Milwaukee, WI. – The Wisconsin Historical Society announces the listing of the Jones-Hill House in Milwaukee, Milwaukee County, on the National Register of Historic Places.  N­ational Register designation provides access to certain benefits, including qualification for grants and for rehabilitation income tax credits, while it does not restrict private property owners in the use of their property.


The Jones-Hill House is locally significant and illustrative of the African American experience in Milwaukee between the 1950s and into the 1970s. During this period in our state’s history, Milwaukee’s African American community was impacted by the effects of housing redlining, urban renewal projects, and an increase in segregation. The Jones-Hill’s house is a specific example of how Milwaukee’s African American community adapted to prevailing conditions and how a black social space evolved in racially segregated Milwaukee.


In 1953, the house was purchased by Willie and B. Fostoria Jones, the first confirmed African American owners. By the early 1950s, the Joneses had established or assisted in establishing a number of black-owned businesses in the heart of the African American neighborhood that had come to be known as “Bronzeville.” The home’s basement is confirmed to have functioned as a social and recreational outlet in the community from the mid-1950s to the late-1960s.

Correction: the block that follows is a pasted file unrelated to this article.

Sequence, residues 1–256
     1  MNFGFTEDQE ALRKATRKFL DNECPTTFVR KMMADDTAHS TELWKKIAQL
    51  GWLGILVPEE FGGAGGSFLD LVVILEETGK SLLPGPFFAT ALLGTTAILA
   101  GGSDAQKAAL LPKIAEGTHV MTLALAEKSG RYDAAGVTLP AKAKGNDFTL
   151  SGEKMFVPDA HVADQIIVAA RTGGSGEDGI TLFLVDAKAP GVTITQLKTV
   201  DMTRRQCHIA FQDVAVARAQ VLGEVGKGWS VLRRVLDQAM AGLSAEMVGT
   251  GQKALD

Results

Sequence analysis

The National Register is the official list of historic properties in America deemed worthy of preservation and is maintained by the National Park Service in the U.S. Department of the Interior. The Wisconsin Historical Society administers the program within Wisconsin. It includes sites, buildings, structures, objects and districts that are significant in national, state or local history, architecture, archaeology, engineering or culture.


Additional information for this house is available at


To learn more about the State and National Register programs in Wisconsin, visit ­­­­


About the Wisconsin Historical Society

The Wisconsin Historical Society, founded in 1846, ranks as one of the largest, most active and most diversified state historical societies in the nation. As both a state agency and a private membership organization, its mission is to help people connect to the past by collecting, preserving and sharing stories. The Wisconsin Historical Society serves millions of people every year through a wide range of sites, programs and services. For more information, visit

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